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Kauss, D., Bischof, S., Steiner, S., Apel, K. and Meskauskiene, R. 2012. FLU, a negative feedback regulator of tetrapyrrole biosynthesis, is physically linked to the final steps of the Mg++-branch of this pathway. FEBS Lett 586: 211-216
Saini, G., Meskauskiene, R., Pijacka, W., Roszak, P., Sjogren, L.L.E., Clarke, A.K., Straus , M. and Apel, K. 2011. 'happy on norflurazon' (hon) mutations implicate perturbance of plastid homeostasis with activating stress acclimatization and changing nuclear gene expression in norflurazon-treated seedlings. Plant J 65: 690-702
Baruah, A., Simkova, K., Apel, K. and Laloi, C. 2009. Arabidopsis mutants reveal multiple singlet oxygen signaling pathways involved in stress response and development. Plant Mol Biol 70: 547-563
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Coll, N.S., Danon, A., Meurer, J., Cho, W.K. and Apel, K. 2009. Characterization of soldat8, a Suppressor of Singlet Oxygen-Induced Cell Death in Arabidopsis Seedlings. Plant Cell Physiol 50: 707-718
Kim, C., Lee, K.P., Baruah, A., Nater, M., Gobel, C., Feussner, I. and Apel, K. 2009. O-1(2)-mediated retrograde signaling during late embryogenesis predetermines plastid differentiation in seedlings by recruiting abscisic acid. Proc Natl Acad Sci U S A 106: 9920-9924
Meskauskiene, R., Wursch, M., Laloi, C., Vidi, P.A., Coll, N.S., Kessler, F., Baruah, A., Kim, C. and Apel, K. 2009. A mutation in the Arabidopsis mTERF-related plastid protein SOLDAT10 activates retrograde signaling and suppresses 1O(2)-induced cell death. Plant J 60: 399-410
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Lee, K.P., Kim, C., Landgraf, F., Apel, K. 2007. EXECUTER1- and EXECUTER2-dependent transfer of stress-related signals from the plastid to the nucleus of Arabidopsis thaliana. Proc Natl Acad Sci U S A 104: 10270-5
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How do plants respond to environmental stress?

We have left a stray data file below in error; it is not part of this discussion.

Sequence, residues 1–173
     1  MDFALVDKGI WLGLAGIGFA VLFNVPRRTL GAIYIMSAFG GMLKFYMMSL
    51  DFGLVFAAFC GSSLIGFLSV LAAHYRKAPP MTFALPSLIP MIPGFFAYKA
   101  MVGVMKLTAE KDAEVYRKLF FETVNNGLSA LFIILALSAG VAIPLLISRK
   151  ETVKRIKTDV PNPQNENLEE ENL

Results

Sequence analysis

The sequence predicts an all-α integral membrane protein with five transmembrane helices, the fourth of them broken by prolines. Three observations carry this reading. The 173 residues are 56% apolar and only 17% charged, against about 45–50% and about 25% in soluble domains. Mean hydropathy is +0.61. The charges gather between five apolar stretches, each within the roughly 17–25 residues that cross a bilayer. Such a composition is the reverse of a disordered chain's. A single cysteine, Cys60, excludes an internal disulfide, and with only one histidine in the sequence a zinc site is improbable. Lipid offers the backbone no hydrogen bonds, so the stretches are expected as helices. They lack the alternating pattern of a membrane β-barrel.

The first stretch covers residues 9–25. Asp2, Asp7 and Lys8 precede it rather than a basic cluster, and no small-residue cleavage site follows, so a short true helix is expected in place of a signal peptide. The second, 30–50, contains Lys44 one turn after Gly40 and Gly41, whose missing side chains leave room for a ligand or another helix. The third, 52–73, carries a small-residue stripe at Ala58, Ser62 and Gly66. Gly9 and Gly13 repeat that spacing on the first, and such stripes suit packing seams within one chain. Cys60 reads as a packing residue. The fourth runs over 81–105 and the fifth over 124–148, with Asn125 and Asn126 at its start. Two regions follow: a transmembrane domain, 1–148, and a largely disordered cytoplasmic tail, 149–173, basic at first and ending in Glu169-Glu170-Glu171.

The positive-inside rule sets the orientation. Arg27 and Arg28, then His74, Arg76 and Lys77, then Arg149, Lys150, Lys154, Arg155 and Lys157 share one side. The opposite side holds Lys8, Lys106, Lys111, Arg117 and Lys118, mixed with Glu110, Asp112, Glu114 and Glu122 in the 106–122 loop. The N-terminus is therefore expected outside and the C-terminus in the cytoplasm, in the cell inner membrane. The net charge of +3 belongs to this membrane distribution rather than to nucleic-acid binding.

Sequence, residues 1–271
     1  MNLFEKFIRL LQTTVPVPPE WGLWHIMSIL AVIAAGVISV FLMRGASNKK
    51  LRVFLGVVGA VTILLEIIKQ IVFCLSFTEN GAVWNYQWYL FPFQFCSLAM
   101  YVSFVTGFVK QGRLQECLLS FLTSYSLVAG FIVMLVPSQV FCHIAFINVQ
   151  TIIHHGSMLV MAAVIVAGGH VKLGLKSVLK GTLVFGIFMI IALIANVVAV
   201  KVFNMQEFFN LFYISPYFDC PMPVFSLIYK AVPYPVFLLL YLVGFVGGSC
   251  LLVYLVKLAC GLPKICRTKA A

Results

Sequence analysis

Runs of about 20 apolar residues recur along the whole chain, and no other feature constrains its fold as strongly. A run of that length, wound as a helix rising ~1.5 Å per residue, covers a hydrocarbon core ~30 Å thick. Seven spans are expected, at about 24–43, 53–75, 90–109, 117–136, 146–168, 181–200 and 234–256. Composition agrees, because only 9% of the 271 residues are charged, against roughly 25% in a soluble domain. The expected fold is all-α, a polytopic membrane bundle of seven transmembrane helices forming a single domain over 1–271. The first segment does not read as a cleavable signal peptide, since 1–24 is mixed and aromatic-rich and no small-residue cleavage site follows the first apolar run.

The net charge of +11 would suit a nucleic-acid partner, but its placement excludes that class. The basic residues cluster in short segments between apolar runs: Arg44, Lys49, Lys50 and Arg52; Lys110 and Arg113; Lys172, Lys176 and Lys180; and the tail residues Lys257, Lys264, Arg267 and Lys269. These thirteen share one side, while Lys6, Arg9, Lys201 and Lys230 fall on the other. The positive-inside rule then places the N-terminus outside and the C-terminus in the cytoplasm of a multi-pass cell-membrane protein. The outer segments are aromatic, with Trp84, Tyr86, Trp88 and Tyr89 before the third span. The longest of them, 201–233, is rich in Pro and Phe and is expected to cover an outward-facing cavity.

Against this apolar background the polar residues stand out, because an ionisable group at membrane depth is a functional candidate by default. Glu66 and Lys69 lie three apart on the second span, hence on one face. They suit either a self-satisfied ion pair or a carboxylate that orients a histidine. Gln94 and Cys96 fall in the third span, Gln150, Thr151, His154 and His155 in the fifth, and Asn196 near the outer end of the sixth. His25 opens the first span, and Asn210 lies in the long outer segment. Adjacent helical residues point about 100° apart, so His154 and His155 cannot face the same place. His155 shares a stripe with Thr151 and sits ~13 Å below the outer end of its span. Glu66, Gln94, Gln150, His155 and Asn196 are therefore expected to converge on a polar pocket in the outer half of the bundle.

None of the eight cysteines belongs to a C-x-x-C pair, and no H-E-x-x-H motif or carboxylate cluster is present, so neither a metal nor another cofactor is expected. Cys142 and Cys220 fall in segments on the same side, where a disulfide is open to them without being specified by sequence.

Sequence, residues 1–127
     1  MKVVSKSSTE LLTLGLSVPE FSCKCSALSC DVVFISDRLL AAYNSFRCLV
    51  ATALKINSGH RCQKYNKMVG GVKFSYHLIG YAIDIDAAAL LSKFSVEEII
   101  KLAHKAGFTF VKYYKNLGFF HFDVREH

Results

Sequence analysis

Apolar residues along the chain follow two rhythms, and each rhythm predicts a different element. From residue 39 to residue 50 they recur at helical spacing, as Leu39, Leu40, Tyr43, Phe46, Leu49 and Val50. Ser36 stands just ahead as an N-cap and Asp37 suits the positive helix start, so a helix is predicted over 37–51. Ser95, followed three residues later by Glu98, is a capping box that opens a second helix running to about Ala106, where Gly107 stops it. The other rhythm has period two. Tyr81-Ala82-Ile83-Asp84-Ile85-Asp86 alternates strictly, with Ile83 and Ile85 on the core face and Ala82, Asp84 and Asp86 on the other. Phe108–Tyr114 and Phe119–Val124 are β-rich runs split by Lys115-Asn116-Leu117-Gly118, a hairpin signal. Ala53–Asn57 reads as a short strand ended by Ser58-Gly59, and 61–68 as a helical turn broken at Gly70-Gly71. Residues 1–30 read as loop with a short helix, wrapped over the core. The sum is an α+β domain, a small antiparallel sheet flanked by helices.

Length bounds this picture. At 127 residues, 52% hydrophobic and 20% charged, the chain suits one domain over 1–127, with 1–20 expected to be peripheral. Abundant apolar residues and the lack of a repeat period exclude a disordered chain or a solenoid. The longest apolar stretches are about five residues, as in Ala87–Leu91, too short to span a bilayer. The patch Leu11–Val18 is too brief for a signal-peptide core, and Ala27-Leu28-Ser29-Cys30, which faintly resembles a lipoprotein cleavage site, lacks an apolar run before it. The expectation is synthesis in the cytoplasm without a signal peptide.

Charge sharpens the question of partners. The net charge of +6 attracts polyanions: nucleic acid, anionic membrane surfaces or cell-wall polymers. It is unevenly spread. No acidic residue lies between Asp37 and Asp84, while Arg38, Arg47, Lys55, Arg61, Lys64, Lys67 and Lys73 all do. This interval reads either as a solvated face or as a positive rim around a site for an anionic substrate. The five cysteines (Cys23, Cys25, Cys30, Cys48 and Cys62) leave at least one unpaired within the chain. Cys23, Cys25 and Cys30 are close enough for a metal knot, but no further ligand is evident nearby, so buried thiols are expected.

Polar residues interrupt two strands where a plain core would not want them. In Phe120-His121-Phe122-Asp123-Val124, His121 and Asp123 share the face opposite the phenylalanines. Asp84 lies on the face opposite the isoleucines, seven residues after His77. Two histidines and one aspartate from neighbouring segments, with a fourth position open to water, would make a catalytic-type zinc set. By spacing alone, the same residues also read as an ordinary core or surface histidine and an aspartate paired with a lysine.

Plants can endure extreme environmental stress (heat, drought, cold or intense light) through genetically controlled defenses, such as wilting, loss of leaves or stunted growth, but these very defenses can also reduce yields, among other effects. As a result, one effect of global warming could be reduced food production just when the world’s population is burgeoning. Understanding how plants sense and respond to stress at the genetic level is the ultimate objective of Klaus Apel’s laboratory at BTI. His findings could enable scientists to mitigate the negative results of stress, such as yield loss, or fine tune a plant’s ability to survive climate change. It turns out that chloroplasts — the tiny organs that contain chlorophyll and carry out photosynthesis — play an important role in a plant’s ability to sense environmental stress. Conditions such as drought, heat, cold and intense light interfere with the normal photosynthetic process in the chloroplasts, which leads to over-production of sometimes toxic forms of oxygen, called reactive oxygen species (ROS). High levels of ROS were previously considered detrimental to the cell. However, recent work with an Arabidopsis mutant by Apel and his research group indicates that the release of one ROS, called singlet oxygen, in the chloroplast actually triggers a variety of positive stress adaptation responses in the plant. These responses include slowed plant growth, cell death, and the activation of a broad range of defense genes, which normally are turned on only in the presence of pathogens. In further work, Apel’s group proved that certain genetic mutations in Arabidopsis eliminate the plant’s stress responses without interfering with the release of singlet oxygen. It appears these mutations prevent the plant from sensing the presence of singlet oxygen, which, in turn, prevents symptoms of stress. Apel’s group has identified these mutated genes, which is a first and crucial step toward understanding the genetic basis of the stress response in plants. The results of Apel’s work could lead to plants that cope better with the enviromental stress of global warming. Ultimately, such a discovery could help increase food supplies or predict a plant’s susceptibility to environmental changes.